Police downplay concerns about right-wing rally

US and Danish officials fear that violent right-wing radicals will attend a meeting of European anti-Islamic groups in Aarhus tomorrow

A demonstration by far-right and anti-Islamic activists in Aarhus tomorrow has lead the US Embassy to urge its citizens to steer well clear of the city.

The demonstration is organised by the British organisation the English Defence League (EDL) and is intended to be the first pan-European meeting of sympathising and copycat groups such as the Danish Defence League and Stop Islamisation of Europe.

”EDL events have a history of violence, and clashes with police and counter-demonstrators are common,” the embassy stated in a press release. “The Danish police have plans to deploy a substantial force of officers to control the situation. The US Embassy advises all US citizens to avoid the vicinity of these events. If you find yourself near one of these demonstrations, please exercise caution and leave the area as soon as possible.”

While police admit they have made preparations for tomorrow's demonstrations, Bent Preben Nielsen, from the East Jutland Police, said the embassy’s statement was “very unfortunate and way out of proportion”.

Nielsen added that there is no indication that trouble will flare and that statements like those from the embassy could do more harm than good.

“They make it almost sound like terrorism and tha could cause the tension between the parties to escalate, which would be very unfortunate.”

According to Århus Stiftstidende newspaper, Nielsen has invited foreign police forces to assist in forming a plan for handling tomorrow’s demonstration. It is thought that members of foreign police forces will be on the ground in Aarhus to assist in the surveillance of protestors and offer other types of assistance similar to when football fans travel abroad 

EDL rallies have a history of violence. Members of the organisation are known to be drawn from the British football hooligan community while counter-protest groups, such as the British organisation Unite Against Fascism are also known for resorting to violent confrontations.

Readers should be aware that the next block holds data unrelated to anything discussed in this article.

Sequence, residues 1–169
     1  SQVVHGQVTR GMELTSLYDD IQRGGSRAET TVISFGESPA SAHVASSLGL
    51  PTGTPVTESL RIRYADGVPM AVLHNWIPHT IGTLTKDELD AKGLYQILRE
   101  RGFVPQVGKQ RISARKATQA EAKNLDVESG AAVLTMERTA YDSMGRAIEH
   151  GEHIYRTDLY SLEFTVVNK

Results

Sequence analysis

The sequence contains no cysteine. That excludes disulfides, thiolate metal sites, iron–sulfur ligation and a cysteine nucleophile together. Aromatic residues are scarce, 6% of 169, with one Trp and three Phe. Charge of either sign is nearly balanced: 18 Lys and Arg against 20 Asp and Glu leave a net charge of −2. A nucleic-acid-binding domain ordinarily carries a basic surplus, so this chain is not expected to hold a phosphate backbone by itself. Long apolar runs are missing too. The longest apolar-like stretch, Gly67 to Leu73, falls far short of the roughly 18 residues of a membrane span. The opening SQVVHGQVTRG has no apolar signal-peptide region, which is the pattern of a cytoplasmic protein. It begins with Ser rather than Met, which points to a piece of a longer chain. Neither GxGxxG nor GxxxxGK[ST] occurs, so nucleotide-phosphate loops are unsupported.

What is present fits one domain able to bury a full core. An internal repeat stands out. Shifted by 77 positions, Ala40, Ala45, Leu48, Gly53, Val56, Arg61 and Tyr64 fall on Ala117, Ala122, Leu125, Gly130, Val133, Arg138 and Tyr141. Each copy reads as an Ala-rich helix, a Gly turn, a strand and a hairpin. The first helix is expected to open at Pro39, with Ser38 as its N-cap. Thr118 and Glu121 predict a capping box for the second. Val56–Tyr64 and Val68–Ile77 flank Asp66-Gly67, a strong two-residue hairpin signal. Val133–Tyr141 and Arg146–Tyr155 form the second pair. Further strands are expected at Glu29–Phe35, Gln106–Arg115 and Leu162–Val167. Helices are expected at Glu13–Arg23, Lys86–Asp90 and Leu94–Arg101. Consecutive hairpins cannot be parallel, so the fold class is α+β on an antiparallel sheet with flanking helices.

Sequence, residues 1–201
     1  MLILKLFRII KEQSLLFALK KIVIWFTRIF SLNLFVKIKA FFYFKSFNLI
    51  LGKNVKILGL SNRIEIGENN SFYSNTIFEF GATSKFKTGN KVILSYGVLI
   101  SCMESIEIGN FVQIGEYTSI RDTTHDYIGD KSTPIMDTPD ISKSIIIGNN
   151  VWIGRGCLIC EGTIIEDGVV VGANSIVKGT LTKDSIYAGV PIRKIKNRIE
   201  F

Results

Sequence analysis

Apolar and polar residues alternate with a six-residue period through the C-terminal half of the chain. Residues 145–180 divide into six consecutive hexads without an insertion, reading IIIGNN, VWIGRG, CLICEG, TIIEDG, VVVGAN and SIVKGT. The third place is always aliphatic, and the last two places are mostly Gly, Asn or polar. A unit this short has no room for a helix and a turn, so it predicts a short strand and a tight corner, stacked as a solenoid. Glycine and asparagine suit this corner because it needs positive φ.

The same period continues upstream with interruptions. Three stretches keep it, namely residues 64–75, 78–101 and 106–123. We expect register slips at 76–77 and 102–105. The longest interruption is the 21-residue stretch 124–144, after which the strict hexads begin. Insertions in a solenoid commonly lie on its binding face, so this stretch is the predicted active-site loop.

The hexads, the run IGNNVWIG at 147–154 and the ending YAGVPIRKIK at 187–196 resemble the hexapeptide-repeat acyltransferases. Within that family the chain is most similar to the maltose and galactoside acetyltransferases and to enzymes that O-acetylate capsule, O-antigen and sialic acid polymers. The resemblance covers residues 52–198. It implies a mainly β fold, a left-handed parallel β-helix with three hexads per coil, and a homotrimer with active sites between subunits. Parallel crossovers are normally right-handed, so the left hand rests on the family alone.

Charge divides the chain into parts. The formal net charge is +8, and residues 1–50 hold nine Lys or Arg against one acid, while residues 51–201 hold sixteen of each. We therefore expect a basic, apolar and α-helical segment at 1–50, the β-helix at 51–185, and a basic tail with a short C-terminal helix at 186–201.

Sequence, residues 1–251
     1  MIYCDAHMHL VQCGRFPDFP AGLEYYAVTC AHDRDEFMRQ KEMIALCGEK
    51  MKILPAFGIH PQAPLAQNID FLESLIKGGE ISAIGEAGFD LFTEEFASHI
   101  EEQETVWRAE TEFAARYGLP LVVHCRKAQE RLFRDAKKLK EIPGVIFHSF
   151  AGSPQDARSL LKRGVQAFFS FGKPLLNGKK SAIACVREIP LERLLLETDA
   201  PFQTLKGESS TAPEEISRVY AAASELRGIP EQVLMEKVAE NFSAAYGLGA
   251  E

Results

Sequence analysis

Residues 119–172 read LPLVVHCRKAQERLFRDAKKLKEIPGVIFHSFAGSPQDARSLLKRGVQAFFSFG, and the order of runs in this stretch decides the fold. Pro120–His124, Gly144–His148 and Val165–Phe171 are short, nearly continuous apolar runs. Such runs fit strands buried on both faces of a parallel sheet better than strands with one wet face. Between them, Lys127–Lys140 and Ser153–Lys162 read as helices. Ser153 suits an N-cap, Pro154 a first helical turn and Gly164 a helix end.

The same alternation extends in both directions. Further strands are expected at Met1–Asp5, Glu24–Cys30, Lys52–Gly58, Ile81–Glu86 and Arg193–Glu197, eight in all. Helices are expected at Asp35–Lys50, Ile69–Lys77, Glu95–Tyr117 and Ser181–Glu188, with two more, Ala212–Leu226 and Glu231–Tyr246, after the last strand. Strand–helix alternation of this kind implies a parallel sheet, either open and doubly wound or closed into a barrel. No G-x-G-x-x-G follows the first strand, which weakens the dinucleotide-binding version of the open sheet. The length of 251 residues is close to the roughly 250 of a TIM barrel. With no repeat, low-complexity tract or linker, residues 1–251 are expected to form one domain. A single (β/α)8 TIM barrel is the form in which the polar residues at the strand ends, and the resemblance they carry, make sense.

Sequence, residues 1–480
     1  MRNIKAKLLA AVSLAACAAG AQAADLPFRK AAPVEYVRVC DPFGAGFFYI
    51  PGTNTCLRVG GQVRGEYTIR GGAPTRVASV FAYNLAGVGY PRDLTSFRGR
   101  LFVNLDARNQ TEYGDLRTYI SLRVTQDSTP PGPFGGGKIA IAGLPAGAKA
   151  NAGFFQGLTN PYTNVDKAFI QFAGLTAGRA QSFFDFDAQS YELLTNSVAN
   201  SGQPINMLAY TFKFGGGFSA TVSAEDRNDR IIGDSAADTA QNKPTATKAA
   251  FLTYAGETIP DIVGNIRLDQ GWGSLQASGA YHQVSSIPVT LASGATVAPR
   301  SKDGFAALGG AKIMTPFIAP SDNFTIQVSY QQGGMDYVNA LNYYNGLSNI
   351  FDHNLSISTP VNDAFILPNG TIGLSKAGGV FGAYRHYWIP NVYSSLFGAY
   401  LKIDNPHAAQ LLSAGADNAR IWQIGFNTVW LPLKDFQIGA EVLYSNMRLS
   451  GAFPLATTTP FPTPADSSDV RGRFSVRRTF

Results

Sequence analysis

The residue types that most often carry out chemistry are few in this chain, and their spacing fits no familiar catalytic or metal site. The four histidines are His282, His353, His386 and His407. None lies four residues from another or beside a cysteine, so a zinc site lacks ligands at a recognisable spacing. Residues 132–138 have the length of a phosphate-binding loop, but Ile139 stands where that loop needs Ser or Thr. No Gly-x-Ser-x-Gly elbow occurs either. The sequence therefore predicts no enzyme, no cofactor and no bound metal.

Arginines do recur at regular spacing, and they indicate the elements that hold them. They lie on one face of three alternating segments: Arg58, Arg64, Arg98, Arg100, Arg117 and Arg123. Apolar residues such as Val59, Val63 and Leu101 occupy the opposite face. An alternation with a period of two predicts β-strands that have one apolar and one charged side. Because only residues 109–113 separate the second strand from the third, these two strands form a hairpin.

Domestic intelligence agency PET stated that the meeting in Aarhus was an opportunity for right-wing groups across Europe to network and added that it could attract groups that are known for being violent.

“We are especially concerned by the involvement of central and eastern European right-wing radicals at the demonstration in Aarhus,” PET chief Jacob Scharf told Århus Stiftstidende. “The movement is relatively popular in these countries and has a high capacity for violence.”

On the Facebook page, Aarhus Counter-Jihad Meeting, organisers of the event stated that the meeting in Aarhus was to create “open, clear and transparent event which will enable members of the public to come along and listen to speeches being given by various personalities from the counter-jihad movements across Europe”.

The statement continued: “The aim of the event is to help raise awareness of the increasing problems caused by the Islamification of European Countries. Topics include Sharia Law and Immigration as well as Human Rights issues regarding freedom of speech and freedom of expression.”

While the Aarhus Counter-Jihad Meeting will be taking place in Mølleparken, just a few hundred metres away pro-diversity group Aarhus for Mangfoldighed will be holding a demonstration of its own.

While police say about 500 people are expected at the EDL rally, almost 4,000 have responded on Facebook that they will attend the Aarhus for Mangfoldighed event.

“Right extremist groups are mainly formed in times of crisis to prevent people from standing together. They propagate racist stereotypes, and assault and hate crimes follow in their wake,” the organisers wrote on the Facebook event site. “Every one of us in Aarhus must reject the extreme right-wing forces and make it clear that these attitudes are not welcome in our city!

Our reporter, Peter Stanners, will be in Aarhus tomorrow to cover the demonstrations and will be writing live updates on Twitter. Follow his profile to stay updated. @PeterStanners

  • How internationals can benefit from joining trade unions

    How internationals can benefit from joining trade unions

    Being part of a trade union is a long-established norm for Danes. But many internationals do not join unions – instead enduring workers’ rights violations. Find out how joining a union could benefit you, and how to go about it.

  • Internationals in Denmark rarely join a trade union

    Internationals in Denmark rarely join a trade union

    Internationals are overrepresented in the lowest-paid fields of agriculture, transport, cleaning, hotels and restaurants, and construction – industries that classically lack collective agreements. A new analysis from the Workers’ Union’s Business Council suggests that internationals rarely join trade unions – but if they did, it would generate better industry standards.

  • Novo Nordisk overtakes LEGO as the most desirable future workplace amongst university students

    Novo Nordisk overtakes LEGO as the most desirable future workplace amongst university students

    The numbers are especially striking amongst the 3,477 business and economics students polled, of whom 31 percent elected Novo Nordisk as their favorite, compared with 20 percent last year.